When we say that Fort Polk is the heart of Vernon Parish, we don’t just mean that the base is in the center of the parish. It goes much deeper than that. Fort Polk is intricately connected to the identity of the parish. The people of Vernon Parish are deeply patriotic, with an unmatched sense of duty toward our country and the service men and women who defend it.
Vernon Parish (parishes equate to counties in other states) was named after George Washington’s home, Mt. Vernon, and was created by an act of the Louisiana legislature on March 30, 1871, from portions of the parishes of Natchitoches, Rapides and Sabine.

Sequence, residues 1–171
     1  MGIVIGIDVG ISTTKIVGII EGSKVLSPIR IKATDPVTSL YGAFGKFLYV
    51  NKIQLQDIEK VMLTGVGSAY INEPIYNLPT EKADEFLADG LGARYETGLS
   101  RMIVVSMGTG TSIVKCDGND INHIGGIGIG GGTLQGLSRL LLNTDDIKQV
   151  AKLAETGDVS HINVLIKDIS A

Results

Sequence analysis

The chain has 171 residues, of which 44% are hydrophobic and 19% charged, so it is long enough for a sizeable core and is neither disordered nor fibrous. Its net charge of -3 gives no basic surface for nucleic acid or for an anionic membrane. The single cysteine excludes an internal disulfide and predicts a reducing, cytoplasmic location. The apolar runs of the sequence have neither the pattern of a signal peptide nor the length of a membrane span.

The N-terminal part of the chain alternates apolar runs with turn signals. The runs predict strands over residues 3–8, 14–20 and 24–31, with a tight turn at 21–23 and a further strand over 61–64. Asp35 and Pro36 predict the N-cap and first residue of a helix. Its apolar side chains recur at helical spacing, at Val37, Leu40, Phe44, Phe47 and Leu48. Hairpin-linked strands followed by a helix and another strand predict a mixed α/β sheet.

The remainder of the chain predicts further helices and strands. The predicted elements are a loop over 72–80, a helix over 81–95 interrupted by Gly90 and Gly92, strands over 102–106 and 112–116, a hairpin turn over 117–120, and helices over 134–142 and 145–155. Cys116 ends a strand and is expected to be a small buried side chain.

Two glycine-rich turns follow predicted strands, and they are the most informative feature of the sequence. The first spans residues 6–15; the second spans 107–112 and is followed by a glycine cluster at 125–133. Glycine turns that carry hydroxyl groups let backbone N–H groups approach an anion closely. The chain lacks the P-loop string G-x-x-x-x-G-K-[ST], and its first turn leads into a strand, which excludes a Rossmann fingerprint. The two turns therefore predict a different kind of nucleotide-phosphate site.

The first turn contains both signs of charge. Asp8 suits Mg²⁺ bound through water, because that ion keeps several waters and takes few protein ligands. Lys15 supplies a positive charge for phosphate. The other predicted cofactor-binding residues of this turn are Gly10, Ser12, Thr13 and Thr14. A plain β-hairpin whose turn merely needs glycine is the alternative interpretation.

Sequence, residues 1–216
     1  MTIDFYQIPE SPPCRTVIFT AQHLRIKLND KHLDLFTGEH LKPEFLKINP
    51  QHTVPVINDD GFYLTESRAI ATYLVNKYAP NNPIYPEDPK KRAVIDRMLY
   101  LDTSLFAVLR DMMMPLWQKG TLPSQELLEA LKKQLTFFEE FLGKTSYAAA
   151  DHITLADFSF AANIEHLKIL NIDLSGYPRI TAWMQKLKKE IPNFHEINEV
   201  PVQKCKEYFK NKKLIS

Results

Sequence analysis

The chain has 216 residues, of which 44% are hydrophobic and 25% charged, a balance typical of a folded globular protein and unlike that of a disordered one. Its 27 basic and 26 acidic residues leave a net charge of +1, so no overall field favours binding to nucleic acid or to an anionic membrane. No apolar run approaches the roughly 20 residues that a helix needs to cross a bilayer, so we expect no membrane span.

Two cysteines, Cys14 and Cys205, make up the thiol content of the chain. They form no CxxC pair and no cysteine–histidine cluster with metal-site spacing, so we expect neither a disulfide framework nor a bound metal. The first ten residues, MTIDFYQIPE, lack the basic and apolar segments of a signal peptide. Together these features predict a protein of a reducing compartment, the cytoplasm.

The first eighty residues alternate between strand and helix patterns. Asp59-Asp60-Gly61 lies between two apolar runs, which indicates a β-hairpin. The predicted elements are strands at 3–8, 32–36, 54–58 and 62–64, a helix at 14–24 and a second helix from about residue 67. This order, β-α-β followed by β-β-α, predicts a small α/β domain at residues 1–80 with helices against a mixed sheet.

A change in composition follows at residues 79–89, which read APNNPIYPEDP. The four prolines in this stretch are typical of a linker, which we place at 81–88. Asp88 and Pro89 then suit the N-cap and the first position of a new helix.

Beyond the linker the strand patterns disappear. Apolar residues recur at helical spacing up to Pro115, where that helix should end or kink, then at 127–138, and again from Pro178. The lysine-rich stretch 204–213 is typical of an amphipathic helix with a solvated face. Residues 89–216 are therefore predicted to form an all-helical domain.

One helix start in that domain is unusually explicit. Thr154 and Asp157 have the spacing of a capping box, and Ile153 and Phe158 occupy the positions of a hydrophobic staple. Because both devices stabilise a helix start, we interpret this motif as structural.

The 61,000 residents of Vernon Parish are proud of their close association with the people of Fort Polk.
Camp Polk came into being in 1941 when the federal government evicted 250 families from their homesteads. Despite the extreme hardship these families endured, many were proud (and their descendents remain so) to have contributed to the largest training maneuvers ever held and to have ultimately been a part of what has become a premier training facility for the United States Army.
Camp Polk was named for Leonidas Polk, an Episcopal bishop and corps commander in the Confederate Army.
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